“This is my childhood sweetheart,” says Rita, pointing to Corey. “He was my first boyfriend! Then he got married to someone else, I got married, I lost my husband, and then two years ago we found each other and got married.”
Before we leave K-Town, Jen Masengarb surveys the mishmash of early 20th century architectural styles on display.
“It’s like a metamorphosis or an evolution. We’re gonna try this over here on this block, and then this is five years later we’re gonna try this … You can just see it evolving in the way that we live and the decisions that we’re making in terms of what our families need, what is stylistically impressive,” she says. “This architecture is us, it’s a reflection of us.”
Losing equity: Is the workhorse getting exhausted?
So the form of two-flats was basically a response to economics and demographics, as well as the size and shape of a Chicago city lot. The buildings no longer house predominantly Czech and other Eastern European immigrants, but today’s tenants share a lot with their neighbors across the decades — many of them used two-flats to build community and a little bit of personal wealth in the form of equity. The two-flat was a bridge to a better life for the families that built Chicago as we know it.
One hundred years later, however, it’s not clear how much longer two-flats will be able to fill that role.
K-town is well kempt, thanks in part to incentives from its historic district status. But two-flats are expensive to maintain. And since the 2008 financial and foreclosure crises, a lot of two-flats in other neighborhoods around Chicago are sitting vacant or being bought by developers who don’t occupy the units.
And sometimes the ownership moved in the other direction. Eric Strickland tells us he bought a K-Town two-flat in the 90s. When he purchased the building on 21st Place, it was divided into three units. Once he’d saved up enough money, Strickland converted the two-flat into a single-family home. He lives there now with his wife and daughter.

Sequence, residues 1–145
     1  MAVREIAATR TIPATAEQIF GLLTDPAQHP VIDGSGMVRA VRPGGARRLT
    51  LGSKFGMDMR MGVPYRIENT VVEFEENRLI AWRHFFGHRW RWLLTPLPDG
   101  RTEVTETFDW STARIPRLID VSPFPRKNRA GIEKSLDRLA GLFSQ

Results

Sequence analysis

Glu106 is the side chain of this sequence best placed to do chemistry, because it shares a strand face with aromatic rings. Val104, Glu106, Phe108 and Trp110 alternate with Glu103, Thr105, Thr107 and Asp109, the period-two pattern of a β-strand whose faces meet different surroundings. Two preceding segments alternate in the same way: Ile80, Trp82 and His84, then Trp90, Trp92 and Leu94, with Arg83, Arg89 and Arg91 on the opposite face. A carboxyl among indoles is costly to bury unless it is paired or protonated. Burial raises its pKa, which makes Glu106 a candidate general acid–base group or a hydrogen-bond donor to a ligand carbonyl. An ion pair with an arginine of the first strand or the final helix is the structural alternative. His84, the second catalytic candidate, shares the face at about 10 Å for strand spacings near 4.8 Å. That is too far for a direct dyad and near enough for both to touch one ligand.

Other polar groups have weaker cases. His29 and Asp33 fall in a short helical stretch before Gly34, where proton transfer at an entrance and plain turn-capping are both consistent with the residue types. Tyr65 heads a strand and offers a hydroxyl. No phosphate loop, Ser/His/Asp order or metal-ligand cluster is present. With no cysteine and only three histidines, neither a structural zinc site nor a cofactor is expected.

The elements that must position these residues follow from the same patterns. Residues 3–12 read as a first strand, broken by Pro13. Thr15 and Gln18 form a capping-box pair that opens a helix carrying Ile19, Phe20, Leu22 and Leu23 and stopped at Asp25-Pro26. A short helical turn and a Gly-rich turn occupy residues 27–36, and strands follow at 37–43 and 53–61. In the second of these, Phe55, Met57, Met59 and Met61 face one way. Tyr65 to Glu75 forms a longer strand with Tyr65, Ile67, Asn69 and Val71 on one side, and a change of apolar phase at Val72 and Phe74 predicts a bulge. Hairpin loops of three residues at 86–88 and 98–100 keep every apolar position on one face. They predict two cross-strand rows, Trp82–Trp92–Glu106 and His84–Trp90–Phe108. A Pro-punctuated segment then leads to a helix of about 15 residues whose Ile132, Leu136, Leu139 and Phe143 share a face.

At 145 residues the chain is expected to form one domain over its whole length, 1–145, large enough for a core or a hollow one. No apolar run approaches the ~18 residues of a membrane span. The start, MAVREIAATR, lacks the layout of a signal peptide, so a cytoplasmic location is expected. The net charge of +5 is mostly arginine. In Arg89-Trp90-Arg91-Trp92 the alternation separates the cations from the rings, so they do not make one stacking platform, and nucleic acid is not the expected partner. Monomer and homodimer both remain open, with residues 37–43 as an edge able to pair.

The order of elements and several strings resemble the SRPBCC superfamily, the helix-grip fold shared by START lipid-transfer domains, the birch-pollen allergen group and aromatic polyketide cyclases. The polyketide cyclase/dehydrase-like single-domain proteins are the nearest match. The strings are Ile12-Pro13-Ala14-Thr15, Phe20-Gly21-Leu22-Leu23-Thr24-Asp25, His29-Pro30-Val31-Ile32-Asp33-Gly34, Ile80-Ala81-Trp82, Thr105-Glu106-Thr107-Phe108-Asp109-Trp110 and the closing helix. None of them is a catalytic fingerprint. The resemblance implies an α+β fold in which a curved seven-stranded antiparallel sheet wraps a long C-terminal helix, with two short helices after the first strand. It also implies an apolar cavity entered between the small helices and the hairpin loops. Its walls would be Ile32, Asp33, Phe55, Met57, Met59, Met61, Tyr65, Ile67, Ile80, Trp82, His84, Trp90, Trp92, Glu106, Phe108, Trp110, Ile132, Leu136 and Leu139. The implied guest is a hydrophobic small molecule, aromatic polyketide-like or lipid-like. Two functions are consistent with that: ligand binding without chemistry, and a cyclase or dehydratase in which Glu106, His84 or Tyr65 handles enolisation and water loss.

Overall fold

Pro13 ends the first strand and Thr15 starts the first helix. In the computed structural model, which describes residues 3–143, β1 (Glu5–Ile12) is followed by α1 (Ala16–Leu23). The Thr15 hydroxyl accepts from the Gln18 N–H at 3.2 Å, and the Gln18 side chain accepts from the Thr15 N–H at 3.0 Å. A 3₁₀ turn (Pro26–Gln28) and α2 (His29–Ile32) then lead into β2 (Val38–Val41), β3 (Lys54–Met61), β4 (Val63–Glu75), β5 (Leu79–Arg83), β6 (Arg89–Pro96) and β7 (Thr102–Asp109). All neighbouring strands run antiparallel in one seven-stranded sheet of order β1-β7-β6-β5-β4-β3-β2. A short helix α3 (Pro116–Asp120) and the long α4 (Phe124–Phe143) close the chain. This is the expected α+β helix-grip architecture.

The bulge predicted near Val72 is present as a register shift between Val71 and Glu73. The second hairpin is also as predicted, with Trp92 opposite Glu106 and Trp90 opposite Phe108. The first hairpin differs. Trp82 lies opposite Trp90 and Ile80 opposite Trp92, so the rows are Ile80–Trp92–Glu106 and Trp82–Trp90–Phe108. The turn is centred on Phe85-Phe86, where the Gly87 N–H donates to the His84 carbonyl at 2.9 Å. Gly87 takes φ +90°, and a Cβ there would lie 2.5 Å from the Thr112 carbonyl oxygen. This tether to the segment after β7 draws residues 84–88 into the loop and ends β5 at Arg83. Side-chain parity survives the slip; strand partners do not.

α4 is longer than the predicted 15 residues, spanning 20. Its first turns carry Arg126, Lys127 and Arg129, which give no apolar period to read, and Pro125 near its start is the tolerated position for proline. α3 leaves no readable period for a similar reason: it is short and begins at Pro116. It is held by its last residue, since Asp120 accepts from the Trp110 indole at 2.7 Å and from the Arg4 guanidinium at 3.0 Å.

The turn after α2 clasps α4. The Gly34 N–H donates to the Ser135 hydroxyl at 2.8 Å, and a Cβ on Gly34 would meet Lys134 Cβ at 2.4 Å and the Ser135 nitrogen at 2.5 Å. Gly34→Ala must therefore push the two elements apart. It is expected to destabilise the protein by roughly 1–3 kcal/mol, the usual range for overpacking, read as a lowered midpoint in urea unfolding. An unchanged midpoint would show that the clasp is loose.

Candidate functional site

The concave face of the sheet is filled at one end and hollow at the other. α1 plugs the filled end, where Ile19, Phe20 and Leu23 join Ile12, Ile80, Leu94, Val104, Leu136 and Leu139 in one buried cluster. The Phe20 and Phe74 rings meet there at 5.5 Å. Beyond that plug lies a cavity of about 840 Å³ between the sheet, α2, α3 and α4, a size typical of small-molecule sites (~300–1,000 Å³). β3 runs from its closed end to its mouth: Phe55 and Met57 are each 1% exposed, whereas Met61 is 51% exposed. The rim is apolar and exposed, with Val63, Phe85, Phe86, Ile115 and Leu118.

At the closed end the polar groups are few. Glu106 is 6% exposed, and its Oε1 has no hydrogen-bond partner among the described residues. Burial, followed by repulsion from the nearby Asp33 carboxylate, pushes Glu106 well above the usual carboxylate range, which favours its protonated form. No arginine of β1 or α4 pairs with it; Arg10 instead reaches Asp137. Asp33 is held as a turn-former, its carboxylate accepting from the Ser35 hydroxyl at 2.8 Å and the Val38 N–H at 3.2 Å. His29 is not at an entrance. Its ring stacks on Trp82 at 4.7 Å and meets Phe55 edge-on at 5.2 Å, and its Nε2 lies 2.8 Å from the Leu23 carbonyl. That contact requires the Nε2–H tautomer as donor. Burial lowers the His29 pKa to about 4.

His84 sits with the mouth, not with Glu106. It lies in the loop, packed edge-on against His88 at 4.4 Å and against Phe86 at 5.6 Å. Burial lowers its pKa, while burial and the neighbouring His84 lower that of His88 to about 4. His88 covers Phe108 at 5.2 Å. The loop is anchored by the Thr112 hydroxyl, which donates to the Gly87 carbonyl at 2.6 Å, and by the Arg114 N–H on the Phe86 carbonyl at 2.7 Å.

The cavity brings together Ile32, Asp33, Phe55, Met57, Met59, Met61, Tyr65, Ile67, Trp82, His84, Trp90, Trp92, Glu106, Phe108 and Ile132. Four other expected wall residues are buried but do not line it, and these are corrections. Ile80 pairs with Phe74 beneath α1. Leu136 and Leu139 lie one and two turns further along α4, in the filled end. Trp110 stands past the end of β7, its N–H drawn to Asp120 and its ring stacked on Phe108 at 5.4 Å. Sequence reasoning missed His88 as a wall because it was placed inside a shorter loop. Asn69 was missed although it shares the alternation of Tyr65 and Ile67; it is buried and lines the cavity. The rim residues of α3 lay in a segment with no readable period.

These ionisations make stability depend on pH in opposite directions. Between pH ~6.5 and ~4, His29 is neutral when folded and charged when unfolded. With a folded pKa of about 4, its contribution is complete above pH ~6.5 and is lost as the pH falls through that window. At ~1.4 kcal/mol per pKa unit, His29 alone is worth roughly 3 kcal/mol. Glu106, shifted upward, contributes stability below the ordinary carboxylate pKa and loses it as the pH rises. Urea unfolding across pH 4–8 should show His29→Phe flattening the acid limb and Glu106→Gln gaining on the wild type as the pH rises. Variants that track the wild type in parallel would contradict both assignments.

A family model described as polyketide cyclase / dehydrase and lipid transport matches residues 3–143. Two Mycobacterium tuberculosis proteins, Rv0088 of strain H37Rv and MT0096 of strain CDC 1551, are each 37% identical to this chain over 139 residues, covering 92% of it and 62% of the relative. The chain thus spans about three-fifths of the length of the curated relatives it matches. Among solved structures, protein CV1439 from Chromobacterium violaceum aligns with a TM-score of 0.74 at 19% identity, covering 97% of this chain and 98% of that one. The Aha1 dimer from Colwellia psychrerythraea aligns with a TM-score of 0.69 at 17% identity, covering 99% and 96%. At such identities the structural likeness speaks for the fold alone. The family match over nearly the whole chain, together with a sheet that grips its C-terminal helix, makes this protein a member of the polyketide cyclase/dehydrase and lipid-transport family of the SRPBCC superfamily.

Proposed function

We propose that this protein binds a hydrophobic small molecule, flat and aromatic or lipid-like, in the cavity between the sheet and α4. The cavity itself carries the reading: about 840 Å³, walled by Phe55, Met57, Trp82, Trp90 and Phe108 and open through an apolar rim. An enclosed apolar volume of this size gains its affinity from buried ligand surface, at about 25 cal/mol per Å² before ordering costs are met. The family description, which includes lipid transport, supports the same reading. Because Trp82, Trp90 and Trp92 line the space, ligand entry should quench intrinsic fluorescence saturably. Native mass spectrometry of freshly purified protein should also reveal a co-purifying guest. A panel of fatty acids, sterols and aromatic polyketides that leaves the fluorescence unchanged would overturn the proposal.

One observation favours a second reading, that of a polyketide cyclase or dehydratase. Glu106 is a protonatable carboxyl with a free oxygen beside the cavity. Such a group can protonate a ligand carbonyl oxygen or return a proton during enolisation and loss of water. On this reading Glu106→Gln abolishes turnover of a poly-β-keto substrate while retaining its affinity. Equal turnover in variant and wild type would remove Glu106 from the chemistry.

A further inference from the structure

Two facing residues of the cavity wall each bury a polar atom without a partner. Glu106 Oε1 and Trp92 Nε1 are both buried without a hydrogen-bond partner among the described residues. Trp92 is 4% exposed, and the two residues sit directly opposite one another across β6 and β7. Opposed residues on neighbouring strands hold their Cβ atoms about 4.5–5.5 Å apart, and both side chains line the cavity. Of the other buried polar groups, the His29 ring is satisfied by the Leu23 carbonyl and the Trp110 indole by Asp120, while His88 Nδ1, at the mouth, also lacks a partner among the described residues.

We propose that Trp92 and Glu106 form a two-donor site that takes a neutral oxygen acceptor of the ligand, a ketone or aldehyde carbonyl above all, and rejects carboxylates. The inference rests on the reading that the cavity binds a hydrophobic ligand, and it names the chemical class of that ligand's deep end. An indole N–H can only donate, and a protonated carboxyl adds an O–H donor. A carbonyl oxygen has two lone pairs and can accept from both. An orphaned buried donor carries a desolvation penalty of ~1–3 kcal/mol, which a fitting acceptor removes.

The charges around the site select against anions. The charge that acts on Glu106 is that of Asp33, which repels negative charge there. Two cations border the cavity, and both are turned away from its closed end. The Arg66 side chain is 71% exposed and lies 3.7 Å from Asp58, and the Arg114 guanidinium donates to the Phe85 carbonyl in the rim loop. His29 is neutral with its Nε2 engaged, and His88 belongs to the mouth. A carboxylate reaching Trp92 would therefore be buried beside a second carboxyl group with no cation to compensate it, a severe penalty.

During the housing crisis two-to-four unit properties were disproportionately impacted by foreclosure. And Geoff Smith from the DePaul Institute of Housing Studies says two-flats don’t really make economic sense for new development, so they may well be lost to history in lower-income neighborhoods.
“What you see more commonly is a single-family home targeted for owner occupancy, or you see a larger rental building,” Smith says.
He adds that, if older two-flats fall into disrepair, there will likely be no two-unit rentals to replace them. “The concern is that in some of these more distressed areas, where there is a substantial stock of these buildings, there is a risk in some neighborhoods that this kind of housing could be lost,” he says.
That prospect matters. According to data from the DePaul Institute of Housing Studies, today there are more than 76,000 two-unit apartment buildings in Chicago. In some neighborhoods — Brighton Park, New City, and South Lawndale — they still make up more than two-thirds of the housing stock, as well as a substantial proportion of the city’s affordable housing.
Prices for two-to-four unit buildings in distressed areas of Chicago fell roughly 70 percent between the pre-crash peak and current figures. That means many homes in those areas are worth less than they were in 1997, says Smith.
So if the “money making proposition” that two-flats once promised to working families is more elusive these days, what will become of the lower-income neighborhoods where these historic buildings are most prevalent?
“Because of changing population dynamics, the changing nature of the city, in some areas you are going to see demand in decline. You may not see it recover, and there just may not be an economic value to some of these properties,” says Smith. “Hopefully some prescient, some really far forward-seeing investor can come in and say ‘these properties have value for the long-term.’”
Chris Bentley is a freelance journalist and reporter for WBEZ’s Curious City. Follow him at cabentley.com and on Twitter at @Cementley. Jen Masengarb is Director of Interpretation and Research for the Chicago Architecture Foundation and contributed reporting to this story.
Correction: A draft of the text for this story misstated the time period during which the majority of Chicago two-flats were constructed. The correct timeframe is between 1900 and 1920.